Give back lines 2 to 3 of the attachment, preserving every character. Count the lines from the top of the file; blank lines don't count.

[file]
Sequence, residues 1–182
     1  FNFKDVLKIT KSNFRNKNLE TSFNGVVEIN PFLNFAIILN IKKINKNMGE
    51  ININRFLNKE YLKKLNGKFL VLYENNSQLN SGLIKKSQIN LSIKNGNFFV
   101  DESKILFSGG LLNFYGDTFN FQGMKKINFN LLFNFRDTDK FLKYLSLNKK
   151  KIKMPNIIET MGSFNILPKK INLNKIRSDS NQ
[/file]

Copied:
     1  FNFKDVLKIT KSNFRNKNLE TSFNGVVEIN PFLNFAIILN IKKINKNMGE
    51  ININRFLNKE YLKKLNGKFL VLYENNSQLN SGLIKKSQIN LSIKNGNFFV